Pro wrestling crawled out of smoke-filled arenas, grew wings and adapted before becoming the athletic, high-flying display it is today.
Many of the moves we see in wrestling rings, in WWE or otherwise, look nothing like what George Hackenschmidt was doing to his foes in the early 1900s. Luchalibre, inventive trailblazers and the fearless all molded the art form of wrestling into something far different.
There was no flight in early wrestling. Men ground each other into the mat in the industry’s formative years. A wrestler might leave his feet just once during a match, but not voluntarily.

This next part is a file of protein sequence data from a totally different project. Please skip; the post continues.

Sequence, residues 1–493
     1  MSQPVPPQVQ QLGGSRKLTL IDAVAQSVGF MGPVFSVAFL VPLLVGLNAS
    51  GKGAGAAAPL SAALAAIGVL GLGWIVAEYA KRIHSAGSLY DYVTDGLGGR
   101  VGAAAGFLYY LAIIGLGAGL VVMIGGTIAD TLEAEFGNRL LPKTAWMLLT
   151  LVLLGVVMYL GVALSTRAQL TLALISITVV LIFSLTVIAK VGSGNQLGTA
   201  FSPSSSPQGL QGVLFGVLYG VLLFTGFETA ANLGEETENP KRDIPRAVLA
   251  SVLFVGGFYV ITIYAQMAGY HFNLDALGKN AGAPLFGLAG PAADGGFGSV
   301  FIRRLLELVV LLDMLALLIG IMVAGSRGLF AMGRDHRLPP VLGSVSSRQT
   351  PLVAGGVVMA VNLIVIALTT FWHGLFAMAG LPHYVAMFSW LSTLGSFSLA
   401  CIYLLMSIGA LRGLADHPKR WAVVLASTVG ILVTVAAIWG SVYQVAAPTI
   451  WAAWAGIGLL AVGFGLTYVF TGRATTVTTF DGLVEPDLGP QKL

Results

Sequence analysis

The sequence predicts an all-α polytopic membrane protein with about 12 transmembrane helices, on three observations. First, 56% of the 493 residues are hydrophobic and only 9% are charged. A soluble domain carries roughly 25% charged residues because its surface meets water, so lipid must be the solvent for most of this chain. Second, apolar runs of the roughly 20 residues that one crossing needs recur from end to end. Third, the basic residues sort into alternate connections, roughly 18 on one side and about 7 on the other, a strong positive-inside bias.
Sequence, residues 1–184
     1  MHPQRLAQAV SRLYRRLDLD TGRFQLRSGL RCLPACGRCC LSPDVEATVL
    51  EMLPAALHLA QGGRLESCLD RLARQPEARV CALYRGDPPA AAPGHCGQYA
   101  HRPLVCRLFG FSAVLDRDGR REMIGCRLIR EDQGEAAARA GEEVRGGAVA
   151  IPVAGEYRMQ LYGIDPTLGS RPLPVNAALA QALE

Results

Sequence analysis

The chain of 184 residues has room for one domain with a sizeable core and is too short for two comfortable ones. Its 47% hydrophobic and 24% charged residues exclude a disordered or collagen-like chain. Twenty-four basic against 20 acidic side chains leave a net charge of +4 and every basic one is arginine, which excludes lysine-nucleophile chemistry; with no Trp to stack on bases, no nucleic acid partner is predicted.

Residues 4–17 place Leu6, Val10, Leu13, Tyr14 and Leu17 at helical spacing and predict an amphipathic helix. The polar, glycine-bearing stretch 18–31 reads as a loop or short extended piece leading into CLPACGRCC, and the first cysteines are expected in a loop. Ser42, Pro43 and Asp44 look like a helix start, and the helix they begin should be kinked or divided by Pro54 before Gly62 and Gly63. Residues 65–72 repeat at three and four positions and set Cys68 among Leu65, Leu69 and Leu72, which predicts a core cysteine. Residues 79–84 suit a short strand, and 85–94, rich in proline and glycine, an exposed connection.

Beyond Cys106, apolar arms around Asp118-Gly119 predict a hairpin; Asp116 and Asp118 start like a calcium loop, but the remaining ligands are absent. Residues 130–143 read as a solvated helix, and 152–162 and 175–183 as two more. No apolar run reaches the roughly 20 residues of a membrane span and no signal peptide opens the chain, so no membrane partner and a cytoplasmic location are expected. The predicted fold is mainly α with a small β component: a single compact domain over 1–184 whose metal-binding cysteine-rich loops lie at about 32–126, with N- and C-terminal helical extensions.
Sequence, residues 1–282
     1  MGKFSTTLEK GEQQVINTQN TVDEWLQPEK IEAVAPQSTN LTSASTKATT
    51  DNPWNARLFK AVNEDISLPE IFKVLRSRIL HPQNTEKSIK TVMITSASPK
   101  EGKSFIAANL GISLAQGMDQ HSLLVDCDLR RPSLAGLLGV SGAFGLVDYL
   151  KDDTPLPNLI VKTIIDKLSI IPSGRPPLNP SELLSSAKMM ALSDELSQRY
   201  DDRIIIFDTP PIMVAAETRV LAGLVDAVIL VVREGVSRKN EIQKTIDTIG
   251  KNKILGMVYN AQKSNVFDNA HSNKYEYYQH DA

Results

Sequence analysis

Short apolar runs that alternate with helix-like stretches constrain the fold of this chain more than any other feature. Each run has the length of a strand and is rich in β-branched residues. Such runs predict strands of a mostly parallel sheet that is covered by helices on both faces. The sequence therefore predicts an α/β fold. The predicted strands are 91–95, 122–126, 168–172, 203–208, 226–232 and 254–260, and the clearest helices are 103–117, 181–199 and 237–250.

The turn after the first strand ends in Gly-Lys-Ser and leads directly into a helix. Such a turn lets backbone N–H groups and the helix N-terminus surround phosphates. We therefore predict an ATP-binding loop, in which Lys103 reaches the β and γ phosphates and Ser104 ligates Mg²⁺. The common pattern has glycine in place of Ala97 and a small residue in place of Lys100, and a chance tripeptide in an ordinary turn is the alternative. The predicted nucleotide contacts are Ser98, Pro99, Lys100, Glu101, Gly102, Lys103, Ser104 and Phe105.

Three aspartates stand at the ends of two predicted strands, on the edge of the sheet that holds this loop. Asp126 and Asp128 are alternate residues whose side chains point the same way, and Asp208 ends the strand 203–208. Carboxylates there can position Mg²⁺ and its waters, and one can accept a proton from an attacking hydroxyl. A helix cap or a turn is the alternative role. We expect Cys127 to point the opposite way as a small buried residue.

Unless an opponent was flinging you to the canvas, you dug yourself into the ground and grappled.
Then came a man who claims he stole his high-flying signature move from kangaroos. Then came Mexico’s acrobats, Extreme Championship Wrestling and the Japanese cruiserweights. Over the years, the shift toward breathtaking flying moves has been a game of one-upmanship over the course of several generations.